• If you’re requesting funding for a consultant, do you need to put the request out to bid prior to moving ahead? If hiring staff, what are organizational requirements for posting a listing? Make sure you are aware of any required processes (organizational and federal).

How do I show that? Choose metrics that set you up to win. This doesn’t just mean choose goals and objectives that align with the funder. It means you need to work with your team to identify objectives you really want to pursue. Metrics that move your mission-aligned work forward. And importantly, measurements that you are able to gather when report time comes (and along the way to track your progress), without adding significant burden to anyone’s time. If you’re tracking the number of outreach events you attend, then it’s great to set a goal of attending two more over the year. But don’t sign up for impacting an additional 500 people if you do not have a method to actually count these people. And if you commit to a new method—such as surveying a group to assess the outcomes—be sure to bring that up at the time of the official grant launch so people can plan ahead and work it into the schedule. A metric that truly helps is one that you can use consistently throughout a project to track progress, and inform your decisions and revisions. Metrics collected merely for the sake of the report will make everyone grumpy and may not actually improve your work.

How involved will the reporting be? When possible, look at the report before you write the proposal. You can learn a lot about the funder’s priorities by looking at how they structure their report. Federal grants are much more black and white than a private foundation, which may be interested in learning with its grantees. Does the report seem open to hearing about challenges and growth during the funding period, or is the emphasis on outputs and outcomes, and demonstrating that the funded work was completed as planned? What must be reported in tables or forms? Understanding this may help you decide how to write out your objectives, or report on numbers. For example, federal grants often use a 524B Status Report for the Annual Performance Report. This format requires you to have an overall goal, followed by 1–3 measurable objectives. If you write your proposed metrics in this same format, it makes reporting MUCH simpler and cleaner. And it also helps you to limit your objectives—for example, five goals, each supported with three performance measures, multiplies into an overwhelming number of 15 different metrics that you need to report on). The ultimate goal, as a grant writer, is to make sure that the funding—and reporting—moves your work forward, rather than shackling you to data hunting and busywork.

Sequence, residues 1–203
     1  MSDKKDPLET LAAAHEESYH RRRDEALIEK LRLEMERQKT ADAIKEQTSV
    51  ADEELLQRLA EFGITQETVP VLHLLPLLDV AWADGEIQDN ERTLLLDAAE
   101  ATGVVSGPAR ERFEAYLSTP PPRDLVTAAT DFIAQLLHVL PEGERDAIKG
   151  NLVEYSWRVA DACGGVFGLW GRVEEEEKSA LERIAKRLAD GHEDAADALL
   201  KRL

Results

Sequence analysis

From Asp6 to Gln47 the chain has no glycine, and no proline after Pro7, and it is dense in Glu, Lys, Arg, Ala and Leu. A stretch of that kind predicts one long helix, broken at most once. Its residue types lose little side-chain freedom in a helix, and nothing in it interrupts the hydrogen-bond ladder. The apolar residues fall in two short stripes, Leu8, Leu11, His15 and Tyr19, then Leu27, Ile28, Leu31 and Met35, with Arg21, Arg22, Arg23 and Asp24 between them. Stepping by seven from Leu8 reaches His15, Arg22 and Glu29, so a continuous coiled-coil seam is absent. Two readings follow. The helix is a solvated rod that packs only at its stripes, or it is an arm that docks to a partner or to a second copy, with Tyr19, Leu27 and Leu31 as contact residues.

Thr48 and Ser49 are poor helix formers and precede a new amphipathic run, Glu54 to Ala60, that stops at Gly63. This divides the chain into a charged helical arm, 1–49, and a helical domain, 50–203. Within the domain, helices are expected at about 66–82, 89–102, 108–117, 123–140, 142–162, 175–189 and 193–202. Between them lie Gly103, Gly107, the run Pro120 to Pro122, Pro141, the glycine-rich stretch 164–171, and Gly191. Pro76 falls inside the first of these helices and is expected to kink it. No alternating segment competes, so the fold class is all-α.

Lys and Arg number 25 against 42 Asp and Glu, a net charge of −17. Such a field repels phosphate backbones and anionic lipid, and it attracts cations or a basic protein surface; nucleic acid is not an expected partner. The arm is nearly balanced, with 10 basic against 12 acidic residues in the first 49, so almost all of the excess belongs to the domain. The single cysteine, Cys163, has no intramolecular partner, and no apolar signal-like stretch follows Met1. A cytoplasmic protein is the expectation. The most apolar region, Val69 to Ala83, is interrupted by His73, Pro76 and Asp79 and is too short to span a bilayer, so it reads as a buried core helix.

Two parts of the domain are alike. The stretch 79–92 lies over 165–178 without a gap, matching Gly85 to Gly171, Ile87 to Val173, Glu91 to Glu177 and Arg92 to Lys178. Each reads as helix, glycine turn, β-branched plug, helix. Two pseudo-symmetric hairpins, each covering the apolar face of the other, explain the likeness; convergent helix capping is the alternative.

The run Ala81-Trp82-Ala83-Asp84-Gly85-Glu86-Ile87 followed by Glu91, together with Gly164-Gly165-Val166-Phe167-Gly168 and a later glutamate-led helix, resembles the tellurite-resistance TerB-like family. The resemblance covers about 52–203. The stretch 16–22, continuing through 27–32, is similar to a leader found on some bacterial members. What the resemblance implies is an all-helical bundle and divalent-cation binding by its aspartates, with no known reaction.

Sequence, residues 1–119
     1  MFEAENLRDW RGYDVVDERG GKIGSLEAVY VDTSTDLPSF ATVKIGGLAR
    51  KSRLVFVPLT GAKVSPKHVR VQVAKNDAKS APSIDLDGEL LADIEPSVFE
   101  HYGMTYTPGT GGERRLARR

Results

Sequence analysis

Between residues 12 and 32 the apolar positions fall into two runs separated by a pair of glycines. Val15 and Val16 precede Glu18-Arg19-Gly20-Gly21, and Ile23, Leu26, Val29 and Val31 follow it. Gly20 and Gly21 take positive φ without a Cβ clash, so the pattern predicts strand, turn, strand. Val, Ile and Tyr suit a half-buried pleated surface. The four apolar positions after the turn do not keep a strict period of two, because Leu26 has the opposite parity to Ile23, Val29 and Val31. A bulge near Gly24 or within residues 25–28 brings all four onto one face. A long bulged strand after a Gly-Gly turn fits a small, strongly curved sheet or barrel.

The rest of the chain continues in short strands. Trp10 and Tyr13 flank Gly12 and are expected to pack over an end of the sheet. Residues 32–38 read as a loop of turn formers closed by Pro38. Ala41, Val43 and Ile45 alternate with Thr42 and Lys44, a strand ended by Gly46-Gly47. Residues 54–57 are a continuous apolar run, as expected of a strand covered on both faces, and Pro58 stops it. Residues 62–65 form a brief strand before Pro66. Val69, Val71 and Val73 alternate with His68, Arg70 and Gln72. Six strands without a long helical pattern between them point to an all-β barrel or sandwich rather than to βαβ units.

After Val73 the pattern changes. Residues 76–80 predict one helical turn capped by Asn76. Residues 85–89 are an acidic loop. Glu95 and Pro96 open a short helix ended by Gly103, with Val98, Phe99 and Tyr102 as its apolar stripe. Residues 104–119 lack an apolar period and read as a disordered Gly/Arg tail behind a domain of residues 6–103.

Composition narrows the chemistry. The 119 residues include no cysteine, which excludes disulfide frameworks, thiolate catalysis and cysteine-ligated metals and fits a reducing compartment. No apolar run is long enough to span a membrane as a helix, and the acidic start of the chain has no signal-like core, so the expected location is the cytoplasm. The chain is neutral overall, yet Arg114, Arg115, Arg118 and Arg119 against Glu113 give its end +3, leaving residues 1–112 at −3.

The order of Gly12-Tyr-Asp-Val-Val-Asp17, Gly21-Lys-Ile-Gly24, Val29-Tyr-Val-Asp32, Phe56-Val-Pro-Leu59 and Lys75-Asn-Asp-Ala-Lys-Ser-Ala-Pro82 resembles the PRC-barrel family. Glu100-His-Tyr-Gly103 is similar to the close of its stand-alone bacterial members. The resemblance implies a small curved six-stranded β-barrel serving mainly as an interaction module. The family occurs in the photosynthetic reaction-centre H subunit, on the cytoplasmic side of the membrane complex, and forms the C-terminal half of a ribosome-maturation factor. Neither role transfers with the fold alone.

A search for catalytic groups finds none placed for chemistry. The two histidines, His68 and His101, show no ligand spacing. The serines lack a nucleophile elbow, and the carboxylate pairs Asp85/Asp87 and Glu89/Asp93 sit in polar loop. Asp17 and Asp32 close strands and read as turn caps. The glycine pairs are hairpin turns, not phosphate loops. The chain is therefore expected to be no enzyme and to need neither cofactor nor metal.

Who’s responsible for that? Officially launch your grant. After securing staff buy-in during the proposal-writing phase, be sure to bring the team together once an award is made, to celebrate and make sure everyone is familiar with the goals, budget, and reporting needs from the start. Build ownership in the work by making sure everyone understands their role within the grant, and how it integrates with their daily work. Engage all stakeholders in creating or reviewing the action plan and timeline, and develop a schedule for meetings to keep the work aligned and on track. If there are funder meetings, who will attend? Make sure everyone knows what reports to anticipate, who will write them, what metrics need to be tracked, and how they will be tracked.